Are Aspirin Face Masks Safe for Your Skin?

Maybe stick to using aspirin for your headaches.

TikTok is pretty hit-or-miss when it comes to beauty hacks: The heatless waves tutorial, for example—which uses just a bathrobe sash to give you heat-free curls—is a favorite among hairstylists. But dentists didn't recommend the TikTok teeth-whitening hack that uses hydrogen peroxide to get a glimmering smile. In 2020, another TikTok trend surfaced: using an aspirin face mask to get rid of acne.

People have always tried different things to try to treat their acne. You may wonder—is it safe to use an aspirin face mask for acne? In short, it's probably not the best idea. Find out what experts think and what other treatments there are for acne.

What Is Aspirin Typically Used For?

Aspirin is an analgesic for pain relief and has evolved to treat a wide range of inflammatory conditions, including dermatologic variety, Annie Gonzalez, MD, Miami Board Certified Dermatologist of Riverchase Dermatology, explained.

Aspirin contains acetylsalicylic acid, a synthetic derivative of salicylic acid, a topical medication for acne. "It is created by a chemical reaction between salicylic acid and acetic acid," Dr. Gonzalez said.

However, aspirin or acetylsalicylic acid is not the same as salicylic acid and vice versa. And while acetylsalicylic acid can reduce inflammation, it shouldn't be used on your face. "I don't recommend it," said Nazanin Saedi, MD, a board-certified dermatologist at Thomas Jefferson University. "Especially not as an everyday wash like in the video."

The main reason is acetylsalicylic acid is too harsh for your skin and causes irritation. "It can be irritating and lead to redness and flaking if too potent," Dr. Saedi said. "Also, the masks irritate our skin and make us more sensitive, so I caution patients about overwashing or using harsh products."

Is Aspirin Effective for Acne?

Dr. Gonzalez added that no scientific evidence supports this DIY remedy for acne. While it may help with inflammation, it doesn't treat or prevent breakouts.

"When pores become clogged by dead skin cells, bacteria, and sebum, inflammation typically results, along with the acne itself," Dr. Gonzalez said. "The aspirin is not treating the acne; it is merely treating the inflammation response. It is not preventing future breakouts." Instead, it "can dry out the skin and lead to more breakouts."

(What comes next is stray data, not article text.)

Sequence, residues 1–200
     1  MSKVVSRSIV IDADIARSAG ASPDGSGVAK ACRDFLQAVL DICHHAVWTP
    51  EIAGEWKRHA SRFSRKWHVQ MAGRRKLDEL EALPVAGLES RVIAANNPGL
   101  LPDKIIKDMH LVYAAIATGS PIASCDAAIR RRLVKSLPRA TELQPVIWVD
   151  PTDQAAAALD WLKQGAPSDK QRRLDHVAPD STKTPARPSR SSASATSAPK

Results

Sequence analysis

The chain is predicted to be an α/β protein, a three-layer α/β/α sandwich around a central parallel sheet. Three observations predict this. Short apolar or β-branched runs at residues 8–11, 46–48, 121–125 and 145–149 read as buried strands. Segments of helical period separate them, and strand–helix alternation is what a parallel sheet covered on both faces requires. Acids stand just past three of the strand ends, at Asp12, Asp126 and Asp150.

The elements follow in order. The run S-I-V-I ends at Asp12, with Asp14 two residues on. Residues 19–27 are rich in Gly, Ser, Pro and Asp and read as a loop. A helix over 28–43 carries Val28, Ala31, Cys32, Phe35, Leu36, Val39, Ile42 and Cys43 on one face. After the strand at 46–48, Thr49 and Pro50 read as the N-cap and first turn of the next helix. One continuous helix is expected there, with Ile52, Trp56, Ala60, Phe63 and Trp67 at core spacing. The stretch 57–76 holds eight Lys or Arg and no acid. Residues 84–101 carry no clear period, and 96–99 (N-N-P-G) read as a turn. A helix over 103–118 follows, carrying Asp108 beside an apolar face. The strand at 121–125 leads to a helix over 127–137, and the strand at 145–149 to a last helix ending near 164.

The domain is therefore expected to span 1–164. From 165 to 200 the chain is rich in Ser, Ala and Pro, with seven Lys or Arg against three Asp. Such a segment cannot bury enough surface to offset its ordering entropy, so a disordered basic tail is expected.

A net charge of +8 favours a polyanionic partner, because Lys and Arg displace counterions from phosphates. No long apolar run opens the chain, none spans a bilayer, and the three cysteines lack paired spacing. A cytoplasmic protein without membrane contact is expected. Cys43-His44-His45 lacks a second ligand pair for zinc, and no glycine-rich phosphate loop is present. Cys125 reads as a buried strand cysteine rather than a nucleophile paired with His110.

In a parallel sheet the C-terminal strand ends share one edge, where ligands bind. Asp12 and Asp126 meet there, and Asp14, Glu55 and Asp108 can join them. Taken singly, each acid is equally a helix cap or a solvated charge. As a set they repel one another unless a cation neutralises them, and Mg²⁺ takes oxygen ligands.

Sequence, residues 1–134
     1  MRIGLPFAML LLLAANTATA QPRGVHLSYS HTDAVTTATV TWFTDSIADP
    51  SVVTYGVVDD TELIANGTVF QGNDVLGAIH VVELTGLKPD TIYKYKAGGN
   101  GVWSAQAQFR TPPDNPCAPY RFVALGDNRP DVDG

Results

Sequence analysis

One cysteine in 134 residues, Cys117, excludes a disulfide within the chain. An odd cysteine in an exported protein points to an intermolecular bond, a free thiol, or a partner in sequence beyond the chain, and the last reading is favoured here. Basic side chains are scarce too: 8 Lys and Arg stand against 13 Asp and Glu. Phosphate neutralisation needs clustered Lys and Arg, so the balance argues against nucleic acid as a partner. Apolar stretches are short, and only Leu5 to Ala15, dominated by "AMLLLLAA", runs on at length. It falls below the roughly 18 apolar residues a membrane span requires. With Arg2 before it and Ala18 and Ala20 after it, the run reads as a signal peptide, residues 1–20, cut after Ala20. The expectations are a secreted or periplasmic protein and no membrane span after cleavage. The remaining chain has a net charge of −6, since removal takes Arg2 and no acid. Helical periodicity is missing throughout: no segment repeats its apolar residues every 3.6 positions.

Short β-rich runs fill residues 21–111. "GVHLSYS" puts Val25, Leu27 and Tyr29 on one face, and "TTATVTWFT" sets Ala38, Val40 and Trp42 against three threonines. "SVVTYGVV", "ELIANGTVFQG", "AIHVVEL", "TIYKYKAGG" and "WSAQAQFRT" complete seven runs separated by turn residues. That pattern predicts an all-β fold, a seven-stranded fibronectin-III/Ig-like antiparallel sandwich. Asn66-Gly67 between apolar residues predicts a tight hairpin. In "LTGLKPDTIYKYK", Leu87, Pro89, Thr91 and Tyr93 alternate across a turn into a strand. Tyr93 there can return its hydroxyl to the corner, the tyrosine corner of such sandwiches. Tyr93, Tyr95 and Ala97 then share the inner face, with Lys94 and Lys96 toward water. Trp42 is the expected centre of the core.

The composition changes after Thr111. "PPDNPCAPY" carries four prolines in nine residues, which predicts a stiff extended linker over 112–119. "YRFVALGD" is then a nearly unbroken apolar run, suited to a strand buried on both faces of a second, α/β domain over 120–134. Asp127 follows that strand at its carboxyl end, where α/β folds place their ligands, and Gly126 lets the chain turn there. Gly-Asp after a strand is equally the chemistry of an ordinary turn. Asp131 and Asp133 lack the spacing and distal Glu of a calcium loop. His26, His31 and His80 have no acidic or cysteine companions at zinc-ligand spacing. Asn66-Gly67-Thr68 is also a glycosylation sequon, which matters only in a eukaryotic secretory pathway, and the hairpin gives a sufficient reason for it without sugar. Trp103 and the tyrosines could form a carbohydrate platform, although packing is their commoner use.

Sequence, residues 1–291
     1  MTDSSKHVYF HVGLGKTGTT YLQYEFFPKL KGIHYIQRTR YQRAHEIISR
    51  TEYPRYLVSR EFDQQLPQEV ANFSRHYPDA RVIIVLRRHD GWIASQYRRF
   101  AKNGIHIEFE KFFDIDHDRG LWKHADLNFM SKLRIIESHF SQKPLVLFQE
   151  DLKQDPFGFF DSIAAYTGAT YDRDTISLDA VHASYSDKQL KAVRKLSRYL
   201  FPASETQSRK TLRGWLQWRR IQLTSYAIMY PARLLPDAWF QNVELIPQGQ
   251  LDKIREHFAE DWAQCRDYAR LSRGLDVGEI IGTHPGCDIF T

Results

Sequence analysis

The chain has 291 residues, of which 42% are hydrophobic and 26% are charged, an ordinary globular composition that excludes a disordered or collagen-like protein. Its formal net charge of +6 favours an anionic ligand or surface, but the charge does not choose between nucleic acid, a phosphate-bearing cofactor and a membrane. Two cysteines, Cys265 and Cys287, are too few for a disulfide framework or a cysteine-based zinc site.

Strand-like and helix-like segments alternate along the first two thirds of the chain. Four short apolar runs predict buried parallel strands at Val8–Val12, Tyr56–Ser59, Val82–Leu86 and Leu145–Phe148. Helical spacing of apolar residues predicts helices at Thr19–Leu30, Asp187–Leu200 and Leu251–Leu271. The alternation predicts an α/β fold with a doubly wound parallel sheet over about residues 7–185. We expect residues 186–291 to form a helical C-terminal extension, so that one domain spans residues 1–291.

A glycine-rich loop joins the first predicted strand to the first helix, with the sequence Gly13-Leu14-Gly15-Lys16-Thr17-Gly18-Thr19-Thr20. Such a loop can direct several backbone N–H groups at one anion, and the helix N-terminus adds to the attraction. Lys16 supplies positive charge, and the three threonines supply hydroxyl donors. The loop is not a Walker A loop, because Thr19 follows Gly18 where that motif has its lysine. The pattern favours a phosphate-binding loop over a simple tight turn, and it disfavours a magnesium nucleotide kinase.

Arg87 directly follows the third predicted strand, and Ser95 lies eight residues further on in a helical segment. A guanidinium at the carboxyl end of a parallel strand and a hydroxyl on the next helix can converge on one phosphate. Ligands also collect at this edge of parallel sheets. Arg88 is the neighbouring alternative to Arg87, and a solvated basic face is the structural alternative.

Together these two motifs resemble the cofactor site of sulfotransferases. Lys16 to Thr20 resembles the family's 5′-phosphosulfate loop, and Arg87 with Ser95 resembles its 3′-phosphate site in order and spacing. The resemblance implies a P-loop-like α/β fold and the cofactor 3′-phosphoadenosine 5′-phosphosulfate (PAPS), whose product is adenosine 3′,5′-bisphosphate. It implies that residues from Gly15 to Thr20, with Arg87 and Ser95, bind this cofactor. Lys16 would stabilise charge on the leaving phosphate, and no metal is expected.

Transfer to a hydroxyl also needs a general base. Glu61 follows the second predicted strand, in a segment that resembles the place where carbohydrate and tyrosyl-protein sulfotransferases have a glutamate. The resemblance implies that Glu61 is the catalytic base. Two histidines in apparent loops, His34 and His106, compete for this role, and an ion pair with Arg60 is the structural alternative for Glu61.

Jeffrey M. Cohen, MD, a Yale Medicine dermatologist, agreed that aspirin masks are a bad idea, noting there could be long-term repercussions. "This could severely irritate the skin, making acne worse and making scarring more likely."

Safer Ways To Treat Acne

Luckily, there are much safer ways to treat acne—ideally with the help of a board-certified dermatologist, Dr. Cohen said. "There are many excellent topical medications that are really effective for acne." Most of those contain salicylic acid—the ingredient Dr. Saedi suggested clients stick to when searching for over-the-counter products.

If you have persistent, chronic acne, it's also important to figure out what type you have and what's causing it to find the proper treatment.

For Whiteheads and Blackheads

Whiteheads and blackheads are often treated via a retinoid or benzoyl peroxide, azelaic acid, or salicylic acid. They can also use benzoyl peroxide in combination with a topical antibiotic.

For Pimples

Pimples that are mild or moderate can be tackled with benzoyl peroxide, a retinoid, azelaic acid, and benzoyl peroxide with a retinoid or a topical antibiotic. Additionally, birth control can be used to treat acne.

For Severe Acne

Acne that is severe, deep, or painful may lead to scarring. Acne nodules or cysts are best treated by prescription medication, hormonal therapy, or isotretinoin.

Severe acne may be treated with a corticosteroid injection which can relieve the pain and size of the breakout. However, this kind of treatment should only be used a handful of times due to side effects.

A Quick Review

But the bottom line here: Don't bother crushing up aspirin and spreading that on your face—it'll only do more harm than good. Aspirin is best used to treat pain and fever rather than acne. Using aspirin as an acne treatment may lead to dryness and irritation, which could worsen your acne.

To treat acne symptoms, consult your dermatologist, who may recommend oral or topical antibiotics, retinoids, corticosteroid injections, or other treatments.

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  1. National Library of Medicine. Aspirin.

  2. American Academy of Dermatology. Acne: diagnosis and treatment.

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